SUID and SDY Case Registry
Find a description of the funding opportunity, expected outcomes, application information, and frequently asked questions.
As part of the Sudden Unexpected Infant Death (SUID) and Sudden Death in the Young (SDY) Case Registry, CDC’s Division of Reproductive Health supports SUID monitoring programs in 22 states and jurisdictions, covering about 1 in 3 SUID cases in the United States. The SUID and SDY Case Registry builds on child death review programs and uses the National Center for Fatality Review and Prevention’s Case Reporting System, bringing together information about the circumstances associated with SUID and SDY cases, as well as information about investigations into these deaths. Participating states and jurisdictions use data about SUID and SDY trends and circumstances to develop strategies to reduce future deaths.
CDC and the National Institutes of Health collaborate on the SDY component of the SUID and SDY Case Registry, which expands the population of the previously established SUID Case Registry to include children and adolescents. The SDY component of the Case Registry was created to increase the understanding of the prevalence, causes, and risk factors for infants, children, and young adults who die suddenly and unexpectedly and to inform strategies to prevent future deaths.
SUID and SDY Case Registry Activities
Participating states and jurisdictions conduct the following activities:
- Monitor SUID trends and characteristics that may affect the risk of SUID, such as infant sleep position. Monitoring SUID rates is vital to identifying new risk factors and tracking progress toward reducing SUID.
- Improve the quality and consistency of SUID investigation data. This activity helps standardize the process of determining cause of death. As a result, states are able to more accurately monitor SUID rates and develop informed prevention activities.
- Use data about SUID trends and characteristics to carry out actions to reduce future deaths. Examples of these activities include:
- Educating parents and caregivers about safe sleep for babies.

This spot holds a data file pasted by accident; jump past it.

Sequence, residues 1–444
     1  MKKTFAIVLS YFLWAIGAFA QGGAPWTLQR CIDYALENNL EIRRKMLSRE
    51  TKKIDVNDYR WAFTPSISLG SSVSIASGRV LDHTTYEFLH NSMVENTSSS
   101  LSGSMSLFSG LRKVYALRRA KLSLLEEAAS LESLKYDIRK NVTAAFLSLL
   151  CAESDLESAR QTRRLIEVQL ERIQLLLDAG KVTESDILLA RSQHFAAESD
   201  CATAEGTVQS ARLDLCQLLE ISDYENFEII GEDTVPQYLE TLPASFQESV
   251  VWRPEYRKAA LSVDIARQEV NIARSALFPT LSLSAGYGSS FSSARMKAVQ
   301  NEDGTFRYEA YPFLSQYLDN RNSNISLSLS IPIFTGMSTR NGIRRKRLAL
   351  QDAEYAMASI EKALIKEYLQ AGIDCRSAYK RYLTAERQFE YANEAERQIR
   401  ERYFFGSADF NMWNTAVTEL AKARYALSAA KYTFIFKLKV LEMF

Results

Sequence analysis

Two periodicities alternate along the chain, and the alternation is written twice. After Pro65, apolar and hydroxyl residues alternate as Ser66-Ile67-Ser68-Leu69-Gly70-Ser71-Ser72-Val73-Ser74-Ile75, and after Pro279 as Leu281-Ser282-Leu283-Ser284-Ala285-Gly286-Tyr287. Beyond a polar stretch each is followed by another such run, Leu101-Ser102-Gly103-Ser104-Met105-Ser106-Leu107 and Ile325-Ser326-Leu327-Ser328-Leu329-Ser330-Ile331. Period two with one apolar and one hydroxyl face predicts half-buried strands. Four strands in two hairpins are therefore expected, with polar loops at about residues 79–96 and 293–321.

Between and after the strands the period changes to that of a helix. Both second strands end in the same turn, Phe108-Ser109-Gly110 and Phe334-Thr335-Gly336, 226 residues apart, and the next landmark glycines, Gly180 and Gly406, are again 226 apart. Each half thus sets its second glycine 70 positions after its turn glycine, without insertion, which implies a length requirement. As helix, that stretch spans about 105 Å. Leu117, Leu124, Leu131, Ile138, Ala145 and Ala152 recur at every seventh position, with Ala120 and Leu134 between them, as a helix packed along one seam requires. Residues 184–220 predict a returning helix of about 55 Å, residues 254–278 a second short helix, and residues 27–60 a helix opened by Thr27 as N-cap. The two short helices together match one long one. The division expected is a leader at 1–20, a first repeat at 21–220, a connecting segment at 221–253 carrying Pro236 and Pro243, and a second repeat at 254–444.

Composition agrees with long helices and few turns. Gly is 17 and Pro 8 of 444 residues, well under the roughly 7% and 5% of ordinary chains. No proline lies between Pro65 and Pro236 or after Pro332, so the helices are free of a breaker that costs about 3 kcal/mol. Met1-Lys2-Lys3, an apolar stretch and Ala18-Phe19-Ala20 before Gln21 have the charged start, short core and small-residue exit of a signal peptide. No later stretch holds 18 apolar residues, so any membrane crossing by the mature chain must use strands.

- Training hospital staff on safe sleep recommendations.
- Supporting policy changes that require childcare centers to apply safe sleep recommendations.
Current SUID and SDY Case Registry Awardees
Participating states and jurisdictions include Alaska; Arizona; Colorado; Cook County, Illinois; Kentucky, Louisiana, Maryland, Michigan, New Jersey, select counties in Pennsylvania; Tennessee; Pierce County, Washington; and Wisconsin.
SUID and SDY
Participating states and jurisdictions include San Francisco County, California; Delaware; Indiana; select counties in Michigan; Minnesota; Nevada; New Hampshire; New Mexico; Philadelphia County, Pennsylvania; select counties in Tennessee, Tidewater Region, Virginia; Utah; and select counties in Wisconsin.
CDC recently announced the availability of funds to support organizations in coordinating a state, jurisdictional or multi-jurisdictional SUID and SDY Case Registry. Funded organizations will identify all resident sudden and unexpected infant (Component A) or infant/child (Component B) deaths, review cases through their Child Death Review process, compile and enter case information into the National Fatality Review Case Reporting System, and analyze data to calculate incidence rates, identify disparities between subpopulations, and inform prevention activities, including reducing disparities. In addition, funds are available to develop SUID prevention strategies informed by data and American Academy of Pediatrics guidance (Component C).
- AlaskaSuccess: After taking steps to improve cultural diversity in infant mortality reviews, the Alaska Maternal Child Death Review Program observed increased depth of discussion during reviews and more specific prevention recommendations.
- ColoradoSuccess: Colorado linked immunization and SUID data, allowing for more informed health promotion activities.
- KentuckySuccess: After a partnership with a home visiting program, almost 9 in 10 caregivers reported always placing their baby in a safe sleep area.
- TennesseeSuccess: After collaborating with programs to reach families in their homes, sleep-related infant deaths declined in Tennessee.